- And here’s a neat little fun fact: when he was creating the character SpongeBob SquarePants, Stephen Hillenburg turned to Jerry Lewis and Pee-wee Herman for inspiration!
At Comic Con, Lost showrunners Damon Lindelof and Carlton Cuse crashed EW’s Totally Lost: One Year Later panel and brought with them a never-before-seen clip, an alternate ending to the pivotal season one finale. Lindelof and Cuse ultimately decided against keeping this scene in the finale “for fear that it revealed too much about how the series would eventually end.” Watch it, and decide for yourself whether or not it was wise to remove it.
Psht, and people thought they were making it all up as they were going along!
Here it is, our first glimpse into season 2 of AMC’s The Walking Dead. The scene follows Rick Grimes as he confronts not one but two zombies. His weapon of choice? A rock.
Watch it again, and then again, and anticipate the premiere coming this October.
Update: Hop after the break to see the new Walking Dead Comic Con poster; it features Rick and the gang of survivors atop the winnebago fending off a horde of zombies. (Click here for more…)
Considering myself a rabid follower of the FOX sci-fi show Fringe, it didn’t take much deliberation for me to clobber together this brief post. Next week Comic Con comes to San Diego, and within the convention walls Warner Bros. will be handing out these Fringe themed bags-that-convert-into-backpacks. What’s more, TVLine reports, is that an extremely limited number of alternate universe themed swag bags will also be in circulation. I’ve got to get my hands on one of those…
I’ve got some good news for those of you following the saga that is the TV adaptation of Joe Hill’s comic book Locke & Key. When FOX’s upfront presentation came and went without a pickup for the spooky pilot, whispers surfaced saying that backing studio 20th Century Fox TV was tempted to pitch it to other networks and cable stations like The CW and Syfy. Unfortunately these networks passed on the pilot, too. After all this rejection typically this would mark the end of a TV project. But Locke & Key is special, you see. Instead of being shelved in the attic, 20th Century Fox TV granted the comic book’s publisher IDW Publishing permission to screen the pilot at Comic Con.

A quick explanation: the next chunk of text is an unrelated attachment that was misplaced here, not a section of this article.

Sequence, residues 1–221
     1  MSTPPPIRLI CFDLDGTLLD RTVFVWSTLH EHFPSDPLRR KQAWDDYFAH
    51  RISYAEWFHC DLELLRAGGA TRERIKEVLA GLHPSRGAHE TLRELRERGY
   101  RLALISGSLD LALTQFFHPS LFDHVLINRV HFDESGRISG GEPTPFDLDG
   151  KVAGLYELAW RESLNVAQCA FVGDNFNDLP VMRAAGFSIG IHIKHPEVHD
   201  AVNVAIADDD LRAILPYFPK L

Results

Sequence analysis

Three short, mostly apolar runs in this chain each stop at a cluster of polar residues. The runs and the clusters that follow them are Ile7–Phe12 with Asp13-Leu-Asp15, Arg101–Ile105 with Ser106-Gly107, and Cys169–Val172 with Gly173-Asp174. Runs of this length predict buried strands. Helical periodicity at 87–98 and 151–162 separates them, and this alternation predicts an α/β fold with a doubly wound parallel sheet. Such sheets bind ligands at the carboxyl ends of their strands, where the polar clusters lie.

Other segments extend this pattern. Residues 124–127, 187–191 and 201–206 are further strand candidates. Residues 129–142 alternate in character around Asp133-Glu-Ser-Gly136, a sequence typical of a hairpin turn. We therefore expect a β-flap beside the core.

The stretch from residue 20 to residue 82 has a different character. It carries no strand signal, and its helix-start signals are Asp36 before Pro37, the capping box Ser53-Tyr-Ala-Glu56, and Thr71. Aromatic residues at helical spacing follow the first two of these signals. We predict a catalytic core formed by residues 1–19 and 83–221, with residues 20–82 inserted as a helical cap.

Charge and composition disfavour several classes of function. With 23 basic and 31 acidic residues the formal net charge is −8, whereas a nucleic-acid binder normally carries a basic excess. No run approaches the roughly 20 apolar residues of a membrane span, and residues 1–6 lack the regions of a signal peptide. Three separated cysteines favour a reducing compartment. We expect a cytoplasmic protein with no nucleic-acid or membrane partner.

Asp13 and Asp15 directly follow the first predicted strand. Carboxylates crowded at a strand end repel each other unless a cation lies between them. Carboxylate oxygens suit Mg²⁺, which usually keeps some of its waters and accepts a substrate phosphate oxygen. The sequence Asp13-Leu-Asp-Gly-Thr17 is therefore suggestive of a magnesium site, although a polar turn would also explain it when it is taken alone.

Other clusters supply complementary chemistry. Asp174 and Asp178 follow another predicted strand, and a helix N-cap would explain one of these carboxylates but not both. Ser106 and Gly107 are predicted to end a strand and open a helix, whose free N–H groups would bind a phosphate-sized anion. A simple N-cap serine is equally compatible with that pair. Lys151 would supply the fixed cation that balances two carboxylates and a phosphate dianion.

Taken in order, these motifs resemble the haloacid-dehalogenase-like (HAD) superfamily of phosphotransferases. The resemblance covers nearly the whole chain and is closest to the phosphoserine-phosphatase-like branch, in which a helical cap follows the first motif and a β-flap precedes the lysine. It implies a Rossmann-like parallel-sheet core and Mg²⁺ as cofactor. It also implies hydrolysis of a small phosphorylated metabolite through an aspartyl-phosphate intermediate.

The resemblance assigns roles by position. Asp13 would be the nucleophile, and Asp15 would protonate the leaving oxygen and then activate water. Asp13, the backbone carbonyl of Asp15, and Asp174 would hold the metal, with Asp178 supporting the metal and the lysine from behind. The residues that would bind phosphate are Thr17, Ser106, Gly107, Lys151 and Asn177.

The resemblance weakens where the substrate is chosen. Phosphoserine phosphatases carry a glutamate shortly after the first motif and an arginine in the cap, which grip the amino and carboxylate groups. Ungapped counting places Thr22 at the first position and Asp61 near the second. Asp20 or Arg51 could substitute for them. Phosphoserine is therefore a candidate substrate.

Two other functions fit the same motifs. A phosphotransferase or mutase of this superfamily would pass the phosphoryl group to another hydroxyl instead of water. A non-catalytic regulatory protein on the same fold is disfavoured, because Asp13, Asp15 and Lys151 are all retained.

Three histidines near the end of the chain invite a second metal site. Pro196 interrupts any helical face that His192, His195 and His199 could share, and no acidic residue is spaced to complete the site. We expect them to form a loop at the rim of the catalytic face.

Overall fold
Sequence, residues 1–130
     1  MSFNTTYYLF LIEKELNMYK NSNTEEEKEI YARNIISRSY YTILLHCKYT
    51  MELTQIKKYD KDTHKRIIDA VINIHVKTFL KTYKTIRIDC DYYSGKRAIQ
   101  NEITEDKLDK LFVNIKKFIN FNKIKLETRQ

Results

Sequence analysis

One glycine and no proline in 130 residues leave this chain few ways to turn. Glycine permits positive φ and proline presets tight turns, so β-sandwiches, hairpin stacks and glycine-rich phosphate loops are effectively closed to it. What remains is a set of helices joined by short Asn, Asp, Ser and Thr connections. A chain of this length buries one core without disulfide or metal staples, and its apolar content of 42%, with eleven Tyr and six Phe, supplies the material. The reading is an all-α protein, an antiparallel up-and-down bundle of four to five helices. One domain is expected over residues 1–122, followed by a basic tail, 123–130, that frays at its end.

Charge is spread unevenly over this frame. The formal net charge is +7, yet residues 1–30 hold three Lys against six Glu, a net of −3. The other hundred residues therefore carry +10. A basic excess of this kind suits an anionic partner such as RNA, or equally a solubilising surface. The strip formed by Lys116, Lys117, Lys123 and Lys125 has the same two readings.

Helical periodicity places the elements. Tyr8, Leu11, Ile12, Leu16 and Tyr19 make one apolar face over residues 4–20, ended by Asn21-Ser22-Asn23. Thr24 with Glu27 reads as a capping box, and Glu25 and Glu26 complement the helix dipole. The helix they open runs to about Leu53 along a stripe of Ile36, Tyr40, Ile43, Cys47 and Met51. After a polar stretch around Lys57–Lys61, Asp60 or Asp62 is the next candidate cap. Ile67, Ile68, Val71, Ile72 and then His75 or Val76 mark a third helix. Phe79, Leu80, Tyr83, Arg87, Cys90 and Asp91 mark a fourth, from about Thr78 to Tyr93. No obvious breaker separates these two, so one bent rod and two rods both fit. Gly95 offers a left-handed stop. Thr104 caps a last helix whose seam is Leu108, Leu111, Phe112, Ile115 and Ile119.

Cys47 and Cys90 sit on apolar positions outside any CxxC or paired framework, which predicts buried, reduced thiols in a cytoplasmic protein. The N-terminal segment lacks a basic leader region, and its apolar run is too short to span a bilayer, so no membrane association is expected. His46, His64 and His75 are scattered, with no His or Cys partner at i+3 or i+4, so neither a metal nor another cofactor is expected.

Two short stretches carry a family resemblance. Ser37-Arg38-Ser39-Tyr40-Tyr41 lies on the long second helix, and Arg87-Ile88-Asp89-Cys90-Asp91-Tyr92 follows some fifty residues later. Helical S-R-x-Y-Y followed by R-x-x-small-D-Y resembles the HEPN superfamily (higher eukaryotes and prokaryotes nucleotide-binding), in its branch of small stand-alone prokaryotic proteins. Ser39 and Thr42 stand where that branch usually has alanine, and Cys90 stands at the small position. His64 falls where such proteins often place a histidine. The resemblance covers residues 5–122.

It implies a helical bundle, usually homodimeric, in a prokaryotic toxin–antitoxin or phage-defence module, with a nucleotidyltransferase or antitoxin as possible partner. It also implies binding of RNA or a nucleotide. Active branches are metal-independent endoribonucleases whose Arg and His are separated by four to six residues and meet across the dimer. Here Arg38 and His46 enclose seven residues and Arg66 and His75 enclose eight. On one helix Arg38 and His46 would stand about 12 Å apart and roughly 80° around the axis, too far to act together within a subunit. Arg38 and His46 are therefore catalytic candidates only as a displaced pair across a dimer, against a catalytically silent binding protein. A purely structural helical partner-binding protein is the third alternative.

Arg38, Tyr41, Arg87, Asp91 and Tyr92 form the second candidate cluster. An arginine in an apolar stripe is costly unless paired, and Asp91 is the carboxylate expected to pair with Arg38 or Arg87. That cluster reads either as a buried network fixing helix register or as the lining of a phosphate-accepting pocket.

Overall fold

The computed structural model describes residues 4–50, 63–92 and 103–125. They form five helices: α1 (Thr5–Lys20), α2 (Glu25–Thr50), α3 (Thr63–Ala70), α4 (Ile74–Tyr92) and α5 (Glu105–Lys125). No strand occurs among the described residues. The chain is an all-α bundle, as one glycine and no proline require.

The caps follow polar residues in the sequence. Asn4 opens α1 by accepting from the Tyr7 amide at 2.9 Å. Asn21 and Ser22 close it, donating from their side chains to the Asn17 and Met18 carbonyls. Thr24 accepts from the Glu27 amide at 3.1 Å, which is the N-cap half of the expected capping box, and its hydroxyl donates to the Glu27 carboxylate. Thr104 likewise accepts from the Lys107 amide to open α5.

What makes Locke & Key worthy of coming back from the dead. In a word: pedigree. The following people are involved in the making of this show: Josh Friedman (showrunner/executive producer/writer), Steven Spielberg (executive producer), Roberto Orci & Alex Kurtzman (executive producers), and Mark Romanek (director). Miranda Otto and Nick Stahl star. The high-profile pilot was all the buzz during pilot pickup season, but due to production costs and other financial reasons FOX (and the other networks that considered taking it on) ultimately decided to pass on it.
Kudos to IDW for having the guts to ask 20th to screen the pilot in its entirety at Comic Con. And not only that–a panel consisting of Hill and collaborator Gabriel Rodriguez, Friedman, Orci, and Kurtzman will be on hand to discuss the making of the pilot. If there’s any place to resurrect a high-profile comic book adaptation with spooky and mysterious elements attached, it’s Comic Con. If the pilot is well-received by the crowd, there is a chance that network execs might hear their cheers and decided to pick up the series for midseason or fall 2012. I will be attending the screening next month and will report back my impressions. I have a gut feeling Locke & Key is going to be a crowd-pleaser.
Joe Hill shared his reaction to the pilot on his blog. “Mark Romanek and Josh Friedman turned in a hell of a good pilot (says a dude who is, of course, completely unbiased). The finished episode is scary, and lean, and emotionally authentic, and has a similar feel to Super 8; it very much has a kind of early 80s scary-Spielberg vibe. It’s also very faithful to the source material. I’m so, so proud of everyone who worked on it and of what was accomplished. Locke & Key doesn’t have a TV home at the moment, but there’s quite a bit of good will out there for the pilot among those who have seen it. So I can’t say what will happen after SDCC. We’ll just have to – ah – stay tuned.”